Those exhorting OPEC to boost output should be careful what they wish for. The cartel card can be played once only, and it risks exposing the fragility of the global energy system if the Gulf powers are seen struggling to deliver.
Goldman Sachs suspects that OPEC has been pumping far above its agreed quota since November and therefore cannot easily raise output much without cutting deep into global spare capacity.
Jeff Currie, the bank's oil guru, said Saudi output had quietly crept up by 700,000 barrels a day (bpd) even before the Libyan supply shock.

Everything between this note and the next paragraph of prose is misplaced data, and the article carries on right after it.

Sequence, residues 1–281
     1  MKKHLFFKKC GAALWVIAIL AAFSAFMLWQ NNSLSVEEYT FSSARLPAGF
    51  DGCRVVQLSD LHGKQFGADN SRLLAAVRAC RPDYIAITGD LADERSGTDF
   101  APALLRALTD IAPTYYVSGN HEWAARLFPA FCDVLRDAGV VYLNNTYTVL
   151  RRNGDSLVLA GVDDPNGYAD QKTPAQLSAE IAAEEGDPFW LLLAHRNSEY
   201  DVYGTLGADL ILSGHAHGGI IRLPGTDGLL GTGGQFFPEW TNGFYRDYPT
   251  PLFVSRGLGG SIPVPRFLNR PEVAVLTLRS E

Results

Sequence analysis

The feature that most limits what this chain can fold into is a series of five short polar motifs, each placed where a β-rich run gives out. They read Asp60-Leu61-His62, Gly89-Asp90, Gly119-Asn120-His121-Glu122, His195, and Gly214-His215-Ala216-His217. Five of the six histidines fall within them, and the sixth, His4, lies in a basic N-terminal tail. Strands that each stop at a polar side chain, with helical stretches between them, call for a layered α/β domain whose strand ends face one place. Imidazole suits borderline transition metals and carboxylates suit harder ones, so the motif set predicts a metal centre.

Assumptions that OPEC has added 1.9m bpd over the last two years are wishful thinking. These new fields have been "largely offset" by attrition in old fields.
"We believe that OPEC spare capacity has already dropped below 2m bpd. The question therefore arises how much spare capacity is left to absorb potential supply disruptions in other countries," he said.
If this picture is broadly correct, spare capacity is already close to the wafer-thin levels that led to wild price moves in mid-2008.
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